Add Nike to the list of brands and stores discounting excess merchandise to clear it off shelves.
Nike (NKE) said Thursday its inventory levels soared 65% in North America, its largest market, and 44% overall last quarter from a year ago.
After navigating limited supply in 2021 Nike is now carrying far too much product, particularly when it comes to clothing.
“We effectively have a few seasons landing in the marketplace at the same time,” creating a glut, Nike CEO John Donahoe said on a call with analysts Thursday.
Donahoe explained that when Nike factories in Vietnam and Indonesia had to close after Covid-19 outbreaks, goods arrived late for this year’s spring, summer and fall seasons. Then Nike’s upcoming holiday season orders arrived earlier than planned. Meanwhile, the brand still has merchandise orders in transit.
Nike will discount items to move them, and those promotions will weigh on its profitability for the coming quarters, he added. Nike’s stock tumbled 11% during afternoon trading Friday.
Investors also are worried about other athletic companies’ inventory, Under Armour (UA), Adidas (ADDDF), Dick’s (DKS) and other athletic companies all fell sharply Friday as well on the Nike news.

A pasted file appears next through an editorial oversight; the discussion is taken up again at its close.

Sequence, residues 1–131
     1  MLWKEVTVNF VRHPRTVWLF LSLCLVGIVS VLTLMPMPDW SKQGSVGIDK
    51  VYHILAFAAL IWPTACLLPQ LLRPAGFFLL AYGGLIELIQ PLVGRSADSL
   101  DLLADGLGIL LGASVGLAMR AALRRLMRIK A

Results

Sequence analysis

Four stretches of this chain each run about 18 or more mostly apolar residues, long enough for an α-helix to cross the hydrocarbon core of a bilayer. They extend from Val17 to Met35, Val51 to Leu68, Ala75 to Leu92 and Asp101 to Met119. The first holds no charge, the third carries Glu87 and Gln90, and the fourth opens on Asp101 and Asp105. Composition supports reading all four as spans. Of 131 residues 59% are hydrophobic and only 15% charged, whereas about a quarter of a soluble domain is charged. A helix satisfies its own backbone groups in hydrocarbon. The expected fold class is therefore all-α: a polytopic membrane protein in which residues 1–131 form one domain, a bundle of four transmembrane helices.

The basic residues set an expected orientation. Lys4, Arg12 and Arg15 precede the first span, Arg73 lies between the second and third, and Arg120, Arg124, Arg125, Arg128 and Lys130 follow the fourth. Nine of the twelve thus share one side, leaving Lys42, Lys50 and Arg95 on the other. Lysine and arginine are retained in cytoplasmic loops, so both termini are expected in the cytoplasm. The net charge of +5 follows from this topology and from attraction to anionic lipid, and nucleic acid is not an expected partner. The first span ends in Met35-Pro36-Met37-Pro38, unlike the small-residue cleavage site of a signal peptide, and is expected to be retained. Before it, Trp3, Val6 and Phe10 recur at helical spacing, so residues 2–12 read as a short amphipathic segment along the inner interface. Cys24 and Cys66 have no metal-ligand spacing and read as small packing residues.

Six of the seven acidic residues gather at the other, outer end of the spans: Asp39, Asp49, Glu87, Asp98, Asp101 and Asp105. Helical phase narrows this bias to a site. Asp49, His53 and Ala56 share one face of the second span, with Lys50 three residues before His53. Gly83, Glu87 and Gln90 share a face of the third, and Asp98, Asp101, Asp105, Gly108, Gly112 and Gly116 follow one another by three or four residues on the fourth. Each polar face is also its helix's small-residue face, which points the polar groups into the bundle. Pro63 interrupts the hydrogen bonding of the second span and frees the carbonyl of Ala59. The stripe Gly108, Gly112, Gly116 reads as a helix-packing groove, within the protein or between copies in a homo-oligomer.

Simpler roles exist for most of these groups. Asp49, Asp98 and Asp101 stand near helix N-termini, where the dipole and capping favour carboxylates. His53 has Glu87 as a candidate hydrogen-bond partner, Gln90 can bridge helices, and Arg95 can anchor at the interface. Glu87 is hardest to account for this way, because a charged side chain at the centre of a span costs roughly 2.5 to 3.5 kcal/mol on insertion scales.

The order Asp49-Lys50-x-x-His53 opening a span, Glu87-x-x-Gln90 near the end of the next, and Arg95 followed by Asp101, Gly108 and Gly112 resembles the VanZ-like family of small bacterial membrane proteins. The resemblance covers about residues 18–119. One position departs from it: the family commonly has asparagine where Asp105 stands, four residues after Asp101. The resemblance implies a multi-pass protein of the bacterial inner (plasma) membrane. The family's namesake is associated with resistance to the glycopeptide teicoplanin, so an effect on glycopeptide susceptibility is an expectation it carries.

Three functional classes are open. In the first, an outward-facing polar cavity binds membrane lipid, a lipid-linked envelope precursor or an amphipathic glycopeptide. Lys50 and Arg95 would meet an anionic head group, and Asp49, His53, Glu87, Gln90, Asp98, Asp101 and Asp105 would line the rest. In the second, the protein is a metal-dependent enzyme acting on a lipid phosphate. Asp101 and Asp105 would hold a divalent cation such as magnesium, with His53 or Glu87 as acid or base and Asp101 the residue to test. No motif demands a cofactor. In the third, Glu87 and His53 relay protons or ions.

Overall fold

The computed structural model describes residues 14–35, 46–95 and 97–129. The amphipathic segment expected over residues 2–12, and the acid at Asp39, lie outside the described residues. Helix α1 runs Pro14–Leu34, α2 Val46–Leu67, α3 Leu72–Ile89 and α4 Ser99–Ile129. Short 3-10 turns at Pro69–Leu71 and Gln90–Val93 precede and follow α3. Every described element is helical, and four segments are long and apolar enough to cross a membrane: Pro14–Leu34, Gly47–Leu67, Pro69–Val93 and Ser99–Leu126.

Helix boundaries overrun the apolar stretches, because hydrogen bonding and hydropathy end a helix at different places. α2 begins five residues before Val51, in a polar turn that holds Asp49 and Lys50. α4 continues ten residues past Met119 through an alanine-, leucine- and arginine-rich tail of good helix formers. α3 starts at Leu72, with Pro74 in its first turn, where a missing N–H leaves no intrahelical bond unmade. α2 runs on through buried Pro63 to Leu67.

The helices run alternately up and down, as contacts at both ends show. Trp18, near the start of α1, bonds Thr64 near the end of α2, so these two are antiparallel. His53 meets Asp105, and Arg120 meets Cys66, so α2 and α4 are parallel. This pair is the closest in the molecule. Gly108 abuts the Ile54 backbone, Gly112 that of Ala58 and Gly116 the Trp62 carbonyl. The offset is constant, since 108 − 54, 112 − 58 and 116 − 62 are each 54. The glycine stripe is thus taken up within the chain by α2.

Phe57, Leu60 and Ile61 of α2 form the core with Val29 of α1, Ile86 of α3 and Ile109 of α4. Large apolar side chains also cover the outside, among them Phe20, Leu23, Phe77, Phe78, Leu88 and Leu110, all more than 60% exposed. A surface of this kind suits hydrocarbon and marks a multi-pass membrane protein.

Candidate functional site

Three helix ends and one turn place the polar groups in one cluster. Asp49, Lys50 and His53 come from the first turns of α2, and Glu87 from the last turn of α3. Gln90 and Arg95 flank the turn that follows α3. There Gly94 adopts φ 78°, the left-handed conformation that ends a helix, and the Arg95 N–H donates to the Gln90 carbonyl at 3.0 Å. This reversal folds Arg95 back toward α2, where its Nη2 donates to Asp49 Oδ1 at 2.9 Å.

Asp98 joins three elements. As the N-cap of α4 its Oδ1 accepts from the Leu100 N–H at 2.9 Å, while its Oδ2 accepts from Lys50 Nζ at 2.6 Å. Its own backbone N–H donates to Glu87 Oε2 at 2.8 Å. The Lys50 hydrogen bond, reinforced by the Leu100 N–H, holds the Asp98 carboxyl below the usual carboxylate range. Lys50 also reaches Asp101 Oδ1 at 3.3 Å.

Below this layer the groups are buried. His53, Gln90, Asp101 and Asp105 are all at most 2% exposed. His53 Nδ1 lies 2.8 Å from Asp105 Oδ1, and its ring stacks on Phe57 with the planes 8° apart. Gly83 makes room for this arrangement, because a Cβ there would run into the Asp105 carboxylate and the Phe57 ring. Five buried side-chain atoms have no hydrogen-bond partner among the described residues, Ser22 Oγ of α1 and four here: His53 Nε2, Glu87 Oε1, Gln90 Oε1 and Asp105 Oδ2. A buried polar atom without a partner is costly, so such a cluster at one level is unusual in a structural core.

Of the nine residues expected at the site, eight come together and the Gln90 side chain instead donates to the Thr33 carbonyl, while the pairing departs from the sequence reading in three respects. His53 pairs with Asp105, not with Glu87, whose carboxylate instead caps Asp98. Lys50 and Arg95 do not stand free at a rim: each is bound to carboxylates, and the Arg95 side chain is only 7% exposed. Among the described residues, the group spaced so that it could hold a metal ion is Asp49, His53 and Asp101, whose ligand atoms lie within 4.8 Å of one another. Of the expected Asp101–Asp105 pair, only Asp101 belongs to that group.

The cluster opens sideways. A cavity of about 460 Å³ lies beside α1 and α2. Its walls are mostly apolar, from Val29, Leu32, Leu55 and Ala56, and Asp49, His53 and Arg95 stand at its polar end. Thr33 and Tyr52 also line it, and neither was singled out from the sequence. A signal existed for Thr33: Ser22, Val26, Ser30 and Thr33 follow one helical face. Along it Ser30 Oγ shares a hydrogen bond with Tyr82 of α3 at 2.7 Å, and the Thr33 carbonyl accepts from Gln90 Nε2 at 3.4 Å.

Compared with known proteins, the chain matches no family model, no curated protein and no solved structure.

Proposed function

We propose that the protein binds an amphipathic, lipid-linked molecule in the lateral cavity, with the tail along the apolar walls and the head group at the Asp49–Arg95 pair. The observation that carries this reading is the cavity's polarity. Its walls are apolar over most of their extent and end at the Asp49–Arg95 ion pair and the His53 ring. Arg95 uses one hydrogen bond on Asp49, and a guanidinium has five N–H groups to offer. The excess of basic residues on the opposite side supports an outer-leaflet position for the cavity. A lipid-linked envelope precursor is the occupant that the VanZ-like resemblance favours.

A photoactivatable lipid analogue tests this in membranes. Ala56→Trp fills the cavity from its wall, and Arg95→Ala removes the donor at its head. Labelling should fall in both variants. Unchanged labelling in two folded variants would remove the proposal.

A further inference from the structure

To unload goods that are now out of season and shift to the appropriate holiday selection, Nike will move more clothing to its own factory stores, promote online and sell more to discount stores such as TJ Maxx. Nike in recent years has been pulling back on selling products to other retailers. Sending its goods to discount chains is a last resort.
“We are taking decisive action to clear excess inventory, focusing on specific pockets of seasonally late products, predominantly in apparel,” Donahoe said.
Inventory glut has been an issue across retail companies, with Target (TGT), Walmart (WMT) and others saying in recent weeks that they expect the upcoming shopping season to be packed with discounts. This year, retailers seriously misjudged what’s in demand and are sitting on too much casual clothing, home goods, electronics and other non-essentials.
But the level of Nike’s excess inventory was not expected.
“The surprise of the quarter was the magnitude of promotional activity needed to move through excess apparel,” Lorraine Hutchinson, an analyst at Bank of America, said in a note to clients Friday.
Despite the inventory glut, Nike did have some positive news to share: Demand remained strong, especially for sneakers, even in the face of high inflation. Overall, Nike’s sales jumped 4% last quarter from the same period a year ago.
“We see strong consumer demand in North America currently,” Donahoe said. “There’s no signs of any softness.”